Hiroshi Tanahashi’s life story can now be told in this series of autobiographical interviews, available for the first time in English!
Ace’s HIGH #81 Coming November 10!->
–Let’s talk about your 2010 G1. The twentieth G1 Climax, so a landmark tournament.
Tanahashi: A landmark tournament for me to be the pariah that allowed an outsider to win for the first time.
–Satoshi Kojima was a freelancer at the time of the tournament and was the only non contracted NJPW wrestler to date to win the G1. That said, this was your first time winning your block in three years, with wins over Strongman, Manabu Nakanishi and Toru Yano and Togi Makabe, and a draw over Tetsuya Naito. You lost to Prince Devitt and Karl Anderson, putting you at 4-2-1 and nine points.
Tanahashi: This was Anderson emerging somewhat. I guess I was the litmus test for that, and Anderson passed with a win over me.
–He was part of a very successful IWGP Tag Team Championship team with Giant Bernard as Bad Intentions, but he hadn’t established himself as a singles wrestler to that point.
Tanahashi: He was my type of wrestler. Very finessed in every little thing he did, a good rhythm to his matches. And at that point he wasn’t involved in any heel faction so I had more of a chance to interact with him outside of the ring and find out what a nice easy going guy he was.
–Anderson was quite well travelled to this point in his career. He’d come through the US independents and the original LA Dojo before debuting in NJPW in 2008.
Tanahashi: When he first came into New Japan, he would be on the receiving end of these losses from me and the rest of hontai, but kept his head up and kept working. he truly became a wrestler’s wrestler. He was someone for the boys to aspire to. ‘I want to be a pro like Karl Anderson’ kinda thing.
–What did you think about the Bad Intentions team?
Tanahashi: With a beast like Bernard, it would have been easy to see Anderson like a bit player. But they were both able to bring their own strengths to the table and construct matches that made sure they both shone equally. With their speed, power, combinations, they really were a perfect team together.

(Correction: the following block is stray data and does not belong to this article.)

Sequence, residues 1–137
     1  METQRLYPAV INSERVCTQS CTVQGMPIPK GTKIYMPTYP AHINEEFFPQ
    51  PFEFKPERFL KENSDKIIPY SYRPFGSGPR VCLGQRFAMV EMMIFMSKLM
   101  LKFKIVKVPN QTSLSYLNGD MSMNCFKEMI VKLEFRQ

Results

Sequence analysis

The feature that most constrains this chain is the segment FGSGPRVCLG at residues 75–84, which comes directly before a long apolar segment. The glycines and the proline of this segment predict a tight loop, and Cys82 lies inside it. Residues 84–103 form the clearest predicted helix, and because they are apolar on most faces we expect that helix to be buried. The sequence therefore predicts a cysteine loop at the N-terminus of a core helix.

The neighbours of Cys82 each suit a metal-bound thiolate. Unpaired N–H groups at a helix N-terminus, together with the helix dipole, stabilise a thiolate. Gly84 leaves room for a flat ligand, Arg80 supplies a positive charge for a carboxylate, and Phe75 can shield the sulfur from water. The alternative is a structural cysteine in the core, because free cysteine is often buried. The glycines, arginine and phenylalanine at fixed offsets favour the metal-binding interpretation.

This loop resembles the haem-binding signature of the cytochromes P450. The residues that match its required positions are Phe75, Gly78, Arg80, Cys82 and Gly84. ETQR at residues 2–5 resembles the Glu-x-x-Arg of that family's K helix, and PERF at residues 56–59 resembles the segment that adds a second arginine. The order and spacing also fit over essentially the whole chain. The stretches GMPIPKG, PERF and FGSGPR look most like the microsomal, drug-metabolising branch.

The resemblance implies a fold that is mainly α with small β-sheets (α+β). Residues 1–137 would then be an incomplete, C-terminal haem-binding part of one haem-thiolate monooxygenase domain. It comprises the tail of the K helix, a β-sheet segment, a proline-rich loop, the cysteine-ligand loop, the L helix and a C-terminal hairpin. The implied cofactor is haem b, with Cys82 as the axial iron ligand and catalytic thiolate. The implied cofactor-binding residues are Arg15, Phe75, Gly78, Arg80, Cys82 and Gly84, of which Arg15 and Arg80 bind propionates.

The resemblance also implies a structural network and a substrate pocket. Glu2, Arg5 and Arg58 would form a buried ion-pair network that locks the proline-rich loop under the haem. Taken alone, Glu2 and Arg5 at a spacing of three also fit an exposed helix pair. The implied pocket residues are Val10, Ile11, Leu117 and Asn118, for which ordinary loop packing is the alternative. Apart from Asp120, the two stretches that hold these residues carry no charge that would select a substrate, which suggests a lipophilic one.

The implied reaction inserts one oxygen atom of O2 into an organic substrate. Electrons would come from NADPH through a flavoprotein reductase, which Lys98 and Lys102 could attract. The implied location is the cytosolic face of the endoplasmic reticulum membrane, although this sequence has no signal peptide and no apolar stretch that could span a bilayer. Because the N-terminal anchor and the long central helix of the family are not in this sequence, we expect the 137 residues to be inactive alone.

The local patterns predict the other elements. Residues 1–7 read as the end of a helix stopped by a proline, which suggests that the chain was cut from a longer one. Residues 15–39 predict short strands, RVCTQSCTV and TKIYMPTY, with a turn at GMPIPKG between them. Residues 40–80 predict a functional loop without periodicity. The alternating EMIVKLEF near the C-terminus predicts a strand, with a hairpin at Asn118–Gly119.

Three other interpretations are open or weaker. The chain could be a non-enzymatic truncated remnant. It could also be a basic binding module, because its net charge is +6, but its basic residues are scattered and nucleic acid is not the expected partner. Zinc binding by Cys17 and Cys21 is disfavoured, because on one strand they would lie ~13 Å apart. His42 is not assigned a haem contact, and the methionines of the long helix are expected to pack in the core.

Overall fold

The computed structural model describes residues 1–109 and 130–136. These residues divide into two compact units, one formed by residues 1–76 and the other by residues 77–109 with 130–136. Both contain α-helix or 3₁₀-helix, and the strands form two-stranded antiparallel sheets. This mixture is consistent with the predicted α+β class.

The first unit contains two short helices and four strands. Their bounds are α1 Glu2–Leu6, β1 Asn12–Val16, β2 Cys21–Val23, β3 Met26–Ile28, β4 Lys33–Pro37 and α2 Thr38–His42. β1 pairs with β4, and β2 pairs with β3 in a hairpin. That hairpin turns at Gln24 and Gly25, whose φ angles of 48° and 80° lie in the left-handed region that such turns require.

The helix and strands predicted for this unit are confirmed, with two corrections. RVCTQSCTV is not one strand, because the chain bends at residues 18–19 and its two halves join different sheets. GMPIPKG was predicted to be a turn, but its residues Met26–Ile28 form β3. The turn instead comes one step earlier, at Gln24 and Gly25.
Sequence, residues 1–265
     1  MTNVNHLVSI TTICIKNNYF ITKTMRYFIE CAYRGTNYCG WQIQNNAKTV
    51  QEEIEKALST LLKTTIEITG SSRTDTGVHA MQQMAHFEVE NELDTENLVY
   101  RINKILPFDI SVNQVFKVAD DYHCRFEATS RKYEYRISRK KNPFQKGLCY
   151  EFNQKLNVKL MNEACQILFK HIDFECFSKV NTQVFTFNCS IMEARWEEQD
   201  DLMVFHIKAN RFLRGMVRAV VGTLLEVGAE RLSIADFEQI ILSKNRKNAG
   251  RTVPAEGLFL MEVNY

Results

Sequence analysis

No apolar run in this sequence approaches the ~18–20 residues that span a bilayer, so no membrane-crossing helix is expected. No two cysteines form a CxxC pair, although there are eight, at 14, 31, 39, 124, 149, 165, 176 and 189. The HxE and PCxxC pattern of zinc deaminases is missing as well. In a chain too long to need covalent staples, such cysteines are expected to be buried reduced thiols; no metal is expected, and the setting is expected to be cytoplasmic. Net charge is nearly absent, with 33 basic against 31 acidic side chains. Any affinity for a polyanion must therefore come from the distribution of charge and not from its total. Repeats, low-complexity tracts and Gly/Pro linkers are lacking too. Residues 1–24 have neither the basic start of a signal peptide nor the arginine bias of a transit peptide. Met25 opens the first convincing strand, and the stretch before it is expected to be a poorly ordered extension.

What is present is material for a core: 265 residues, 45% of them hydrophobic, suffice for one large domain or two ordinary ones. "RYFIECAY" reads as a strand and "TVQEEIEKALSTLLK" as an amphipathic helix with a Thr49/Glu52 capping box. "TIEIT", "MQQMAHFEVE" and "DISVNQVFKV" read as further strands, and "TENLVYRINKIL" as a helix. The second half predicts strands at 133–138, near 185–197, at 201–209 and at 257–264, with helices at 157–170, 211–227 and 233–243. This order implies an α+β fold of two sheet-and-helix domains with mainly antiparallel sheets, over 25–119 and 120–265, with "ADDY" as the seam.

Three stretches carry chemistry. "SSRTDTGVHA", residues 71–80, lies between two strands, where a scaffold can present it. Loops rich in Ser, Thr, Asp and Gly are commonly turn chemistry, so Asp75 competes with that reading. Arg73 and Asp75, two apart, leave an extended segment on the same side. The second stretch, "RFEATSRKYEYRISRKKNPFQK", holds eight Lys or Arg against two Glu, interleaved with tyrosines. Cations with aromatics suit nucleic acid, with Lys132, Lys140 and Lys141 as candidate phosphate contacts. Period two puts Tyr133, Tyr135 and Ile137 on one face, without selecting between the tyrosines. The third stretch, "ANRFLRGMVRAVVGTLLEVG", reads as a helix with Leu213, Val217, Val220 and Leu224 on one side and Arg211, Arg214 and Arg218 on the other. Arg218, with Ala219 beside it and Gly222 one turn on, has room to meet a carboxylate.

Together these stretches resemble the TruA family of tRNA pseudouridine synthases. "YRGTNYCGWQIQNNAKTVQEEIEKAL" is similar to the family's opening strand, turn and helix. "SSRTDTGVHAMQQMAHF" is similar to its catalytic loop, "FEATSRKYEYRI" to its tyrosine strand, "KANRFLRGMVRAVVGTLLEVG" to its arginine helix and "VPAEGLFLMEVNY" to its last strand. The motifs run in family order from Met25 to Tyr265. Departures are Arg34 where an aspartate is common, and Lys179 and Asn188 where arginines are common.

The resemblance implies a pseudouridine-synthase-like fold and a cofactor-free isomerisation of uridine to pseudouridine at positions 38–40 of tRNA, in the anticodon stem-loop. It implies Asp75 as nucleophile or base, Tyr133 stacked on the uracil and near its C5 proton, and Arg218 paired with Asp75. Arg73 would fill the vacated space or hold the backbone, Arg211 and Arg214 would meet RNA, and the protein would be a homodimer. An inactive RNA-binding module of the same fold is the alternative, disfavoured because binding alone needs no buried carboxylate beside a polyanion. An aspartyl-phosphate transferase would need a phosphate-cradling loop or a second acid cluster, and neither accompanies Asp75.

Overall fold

–Their V10 win streak with the IWGP tag Team Championships is still a record.
Tanahashi: They really defined an era in the tag team space. You can’t really argue with that.
–This was Prince Devitt’s first G1. The spot was originally set to go to NOAH’s Naomichi Marufuji, but he withdrew due to a pinched nerve in his neck. Devitt had won Best of the Super Jr. that year and went on to win the IWGP Junior Heavyweight Championship, and took Marufuji’s place as a result.
Tanahashi: This was where you really saw the superstar potential in Devitt. He proved he could more than hang with the heavyweights in that G1.
–He got a roll-up win over you on the way to a 4-3 record and a joint second place finish. Much like Anderson, an LA Dojo product, who would obviously go on to form BULLET CLUB. He arrived in NJPW in March 2006, what were your thoughts on him at the time?
Tanahashi: First impressions? Man, what a good looking guy (laughs). He actually had a little puppy fat on him when he first came in, but that was soon gone. I think with him what struck me was just how hard he dedicated himself to being part of the Japanese culture, and part of the New Japan culture. He understood how things worked in NJPW, trained like a beast too. He had quite a few injuries starting out but quickly got past that to really impress.
–Kuniaki Kobayashi was in charge of the Dojo dorms at the time and was very fond of Devitt. That was a rare status indeed.
Tanahashi: That shows the heart Devitt had. I think when you look at the non-Japanese talent that have come through the NJPW system, they definitely share that heart; Jay White might have fallen off the rails a bit since, but he was a really dedicated Young Lion. And every one of them had incredible fundamentals that meant they can and have succeeded anywhere they go.
–What made Devitt stand out compared to other wrestlers at the time or since?
Tanahashi: He was very athletic, but not a high flier per se, compared to a Kota Ibushi, or Ricochet, or Will Ospreay. He would do a tope con giro and that would be it, but it would be perfect, and in every aspect he had perfect, total balance. And more than that, an intuition and a sense for drawing the people in. He was cool as hell, but it was more than that, he could get empathy from people.
–And the Japanese fans loved him.
Tanahashi: It’s so, so difficult to get the kind of support that he had as a foreigner. He had absolutely every tool imaginable. Obviously he’s only grown since, and I’m proud I worked alongside him.